Aristotelean Approach to Business Ethics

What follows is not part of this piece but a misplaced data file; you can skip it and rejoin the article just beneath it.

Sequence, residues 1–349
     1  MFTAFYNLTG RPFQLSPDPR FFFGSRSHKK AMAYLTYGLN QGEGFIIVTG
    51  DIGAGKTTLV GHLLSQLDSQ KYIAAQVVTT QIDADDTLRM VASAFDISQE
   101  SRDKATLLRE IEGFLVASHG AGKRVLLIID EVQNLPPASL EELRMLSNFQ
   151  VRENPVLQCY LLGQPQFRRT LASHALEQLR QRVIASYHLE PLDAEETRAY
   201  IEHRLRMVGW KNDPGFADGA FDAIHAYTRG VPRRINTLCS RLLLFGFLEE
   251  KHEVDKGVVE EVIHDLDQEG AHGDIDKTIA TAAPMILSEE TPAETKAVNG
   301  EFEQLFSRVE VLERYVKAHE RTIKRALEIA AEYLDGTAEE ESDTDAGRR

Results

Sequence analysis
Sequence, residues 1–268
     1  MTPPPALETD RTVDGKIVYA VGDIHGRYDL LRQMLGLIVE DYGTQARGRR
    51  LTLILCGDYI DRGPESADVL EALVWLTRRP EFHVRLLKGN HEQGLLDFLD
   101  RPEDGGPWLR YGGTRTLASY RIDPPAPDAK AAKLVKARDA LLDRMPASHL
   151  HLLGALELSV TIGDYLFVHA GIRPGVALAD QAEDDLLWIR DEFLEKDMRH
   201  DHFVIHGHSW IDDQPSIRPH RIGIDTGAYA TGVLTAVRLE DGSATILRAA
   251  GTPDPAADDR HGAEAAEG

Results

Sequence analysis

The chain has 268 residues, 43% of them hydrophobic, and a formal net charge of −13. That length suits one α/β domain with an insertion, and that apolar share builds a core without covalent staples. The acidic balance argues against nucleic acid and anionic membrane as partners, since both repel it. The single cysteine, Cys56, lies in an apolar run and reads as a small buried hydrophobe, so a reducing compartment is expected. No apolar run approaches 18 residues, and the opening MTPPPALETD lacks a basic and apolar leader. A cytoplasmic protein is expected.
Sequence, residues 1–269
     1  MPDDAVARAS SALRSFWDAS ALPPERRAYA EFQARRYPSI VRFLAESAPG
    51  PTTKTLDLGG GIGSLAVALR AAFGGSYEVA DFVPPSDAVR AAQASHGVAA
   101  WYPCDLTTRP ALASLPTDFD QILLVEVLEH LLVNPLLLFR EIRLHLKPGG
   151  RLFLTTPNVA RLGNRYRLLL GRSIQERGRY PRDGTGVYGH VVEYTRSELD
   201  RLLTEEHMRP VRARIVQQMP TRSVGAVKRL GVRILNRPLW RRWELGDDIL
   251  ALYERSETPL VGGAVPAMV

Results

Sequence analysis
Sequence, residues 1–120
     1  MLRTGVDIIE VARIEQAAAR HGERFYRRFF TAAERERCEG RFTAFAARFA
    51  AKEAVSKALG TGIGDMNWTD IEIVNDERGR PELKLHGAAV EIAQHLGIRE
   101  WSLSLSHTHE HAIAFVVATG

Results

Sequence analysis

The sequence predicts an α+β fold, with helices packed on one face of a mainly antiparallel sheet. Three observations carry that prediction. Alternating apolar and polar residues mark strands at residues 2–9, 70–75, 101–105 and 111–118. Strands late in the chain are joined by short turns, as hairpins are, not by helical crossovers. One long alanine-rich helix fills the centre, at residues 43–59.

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In his article, “An Aristotelean Approach to Business Ethics,” Robert Solomon argues that business should be viewed from the Aristotle way. He discusses that this view is not something very new but something that originated back to the ancient times. “What the Aristotelean approach promises is not something novel and scientific but an approach that is very staid and established and above all very human.” This approach differs from other philosophies that we have learned in class because it incorporates and combines one’s personal values and one’s business values. The one motive that every individual ought to aim for is something that benefits the community. The individuals and the businesses are part of the larger community, where individuals have to “strive to excel, to bring out what is best in ourselves and our shared enterprise.” Previously, Albert Carr separates personal ethics and business ethics; how one can follow the ‘golden rule’ in their personal life, but discard the gold rule in business and become game players whose ultimate goal is to win in business. The Aristotelean approach, on the other hand, argues that one should not pretend to separate personal ethics from business ethics. ‘The Bottom Line’ should not be the most important thing, but it is “ultimately one’s character, one’s integrity, that determines happiness.” Thus Solomon does not agree with Ayn Rand’s egoism approach of selfishness nor does he agree with being fully vested to a corporation’s or its shareholder’s interest. This is a lose-lose situation when trying to chose between profits and social responsibility. The Aristotelean approach is a win-win solution, where both the individual and the corporation is happy. So what is links an individual and society? It is the virtues. “The underlying assumption was that a person is who he or she is by virtue of his or her place and role in the community, by virtue of his or her actions and sense of judgment, bu virtue of his or her...
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